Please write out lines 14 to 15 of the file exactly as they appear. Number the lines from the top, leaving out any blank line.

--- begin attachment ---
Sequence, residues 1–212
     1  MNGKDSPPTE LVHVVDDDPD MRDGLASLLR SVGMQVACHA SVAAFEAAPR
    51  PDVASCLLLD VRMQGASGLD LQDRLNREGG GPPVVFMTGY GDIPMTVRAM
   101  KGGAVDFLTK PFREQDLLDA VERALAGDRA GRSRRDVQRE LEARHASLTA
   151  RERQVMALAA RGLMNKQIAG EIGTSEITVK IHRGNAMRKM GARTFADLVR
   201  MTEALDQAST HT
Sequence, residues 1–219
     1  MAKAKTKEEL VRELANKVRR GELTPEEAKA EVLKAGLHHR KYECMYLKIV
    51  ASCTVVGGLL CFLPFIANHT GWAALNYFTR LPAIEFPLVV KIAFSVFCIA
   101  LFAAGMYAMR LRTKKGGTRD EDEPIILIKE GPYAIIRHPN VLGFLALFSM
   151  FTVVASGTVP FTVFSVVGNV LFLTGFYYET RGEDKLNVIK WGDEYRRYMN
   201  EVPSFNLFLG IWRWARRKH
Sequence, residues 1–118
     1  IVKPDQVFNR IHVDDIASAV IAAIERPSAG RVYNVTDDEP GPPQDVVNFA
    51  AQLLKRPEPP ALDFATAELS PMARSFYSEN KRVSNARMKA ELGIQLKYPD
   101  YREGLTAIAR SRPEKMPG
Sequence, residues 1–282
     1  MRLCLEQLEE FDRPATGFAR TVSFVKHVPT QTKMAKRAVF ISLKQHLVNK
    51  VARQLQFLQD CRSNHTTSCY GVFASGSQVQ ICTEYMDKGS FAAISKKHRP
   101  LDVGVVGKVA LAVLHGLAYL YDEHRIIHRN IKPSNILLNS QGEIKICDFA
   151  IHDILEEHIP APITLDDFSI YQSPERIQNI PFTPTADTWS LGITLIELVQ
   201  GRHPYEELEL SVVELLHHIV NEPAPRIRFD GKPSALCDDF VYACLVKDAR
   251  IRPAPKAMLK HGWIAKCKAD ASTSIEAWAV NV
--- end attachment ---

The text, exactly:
     1  IVKPDQVFNR IHVDDIASAV IAAIERPSAG RVYNVTDDEP GPPQDVVNFA
    51  AQLLKRPEPP ALDFATAELS PMARSFYSEN KRVSNARMKA ELGIQLKYPD